|Quotes • Headscratchers • Playing With • Useful Notes • Analysis • Image Links • Haiku • Laconic|
While those involved in Professional Wrestling kept up the illusion for many years that it was a legitimate sport, it is well known these days that it is mostly theatre with scripted plots, characters, and some level of choreography for the matches themselves.
However, some settings that involve Pro Wrestling take a different approach. In an effort to heighten drama, they treat Pro Wrestling as a real, competitive sport, with the wrestlers giving their all to defeat their opponents and win titles. Each punch, kick, flying body press and steel chair to the face is delivered not to please the crowd, but to ultimately achieve victory in the match.
In such settings, the legitimacy of pro wrestling is not in question, and it is commonly accepted to be just as much a sport as any other competitive martial art. More fantastical stories can take it to another level entirely, portraying pro wrestlers as having supernatural abilities that allow them to perform their death-defying maneuvers.
This is the default assumption in most related Video Games, as a game that reflected the reality of Professional Wrestling would be difficult to effectively pull off. There are a handful of games that work without Kayfabe, but they're mostly management sims--where you either manage a promotion or a wrestler's career--rather than Wrestling Games.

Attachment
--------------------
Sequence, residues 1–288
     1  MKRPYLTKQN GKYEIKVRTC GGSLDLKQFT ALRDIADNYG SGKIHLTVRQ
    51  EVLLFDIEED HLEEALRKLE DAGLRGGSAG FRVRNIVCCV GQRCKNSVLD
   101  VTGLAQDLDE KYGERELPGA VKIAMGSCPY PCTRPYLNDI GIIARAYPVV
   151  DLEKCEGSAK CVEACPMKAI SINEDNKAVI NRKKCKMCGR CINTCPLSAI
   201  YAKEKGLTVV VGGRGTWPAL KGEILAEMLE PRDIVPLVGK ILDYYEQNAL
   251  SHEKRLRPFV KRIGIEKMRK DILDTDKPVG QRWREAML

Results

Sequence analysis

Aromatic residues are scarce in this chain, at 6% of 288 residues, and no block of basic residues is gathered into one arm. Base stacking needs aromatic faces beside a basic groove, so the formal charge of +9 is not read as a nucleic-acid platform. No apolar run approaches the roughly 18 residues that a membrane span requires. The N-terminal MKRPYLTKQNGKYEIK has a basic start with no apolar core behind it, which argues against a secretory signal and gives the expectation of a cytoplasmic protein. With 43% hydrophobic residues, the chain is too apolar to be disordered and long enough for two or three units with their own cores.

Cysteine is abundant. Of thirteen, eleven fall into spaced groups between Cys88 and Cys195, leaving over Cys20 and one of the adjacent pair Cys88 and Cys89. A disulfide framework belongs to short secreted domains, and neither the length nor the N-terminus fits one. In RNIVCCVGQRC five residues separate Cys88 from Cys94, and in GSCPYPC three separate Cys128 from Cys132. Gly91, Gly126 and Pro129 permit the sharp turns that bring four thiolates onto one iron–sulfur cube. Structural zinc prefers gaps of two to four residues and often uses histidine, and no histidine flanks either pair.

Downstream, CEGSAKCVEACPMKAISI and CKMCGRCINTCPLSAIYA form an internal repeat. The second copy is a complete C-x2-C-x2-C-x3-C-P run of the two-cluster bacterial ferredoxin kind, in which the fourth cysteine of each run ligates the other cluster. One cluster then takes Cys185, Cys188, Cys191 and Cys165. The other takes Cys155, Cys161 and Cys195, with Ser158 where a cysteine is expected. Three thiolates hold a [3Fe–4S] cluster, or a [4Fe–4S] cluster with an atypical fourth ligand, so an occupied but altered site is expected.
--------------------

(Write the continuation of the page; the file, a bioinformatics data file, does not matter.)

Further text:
Compare to Kayfabe, which is the real life practice of maintaining the illusion that Pro Wrestling is a competitive sport. It should be noted that while Pro Wrestling is staged in real life, it is still a highly physical and dangerous career. As Mick Foley once said, while who wins may be predetermined, there's no way to fake falling 20 feet off the top of a steel cage.
Not to be confused with Real Pro Wrestling, a short lived professional league of Olympic-style wrestlers.
Anime & Manga
- In Ayanes High Kick, the eponymous protagonist dreams of becoming a professional wrestler and eventually winning the women's world title.
- Tiger Mask is the Trope Maker for this in manga.
- Grappler Baki, in which professional wrestlers are up there with the rest of them. That said, the realness or fakeness of wrestling is evidently a matter of what promotion you're with - it's said that Mount Toba, a champion of "show wrestling", once wrestled in companies where the fighting wasn't fake. In any case, wrestlers are depicted as legitimate combatants; Mount Toba nearly kills Baki even though he hasn't been in a real fight for a very long time.
- In the Kinnikuman anime, wrestling is not only Serious Business... it's used to determine the fate of the world.
- Special A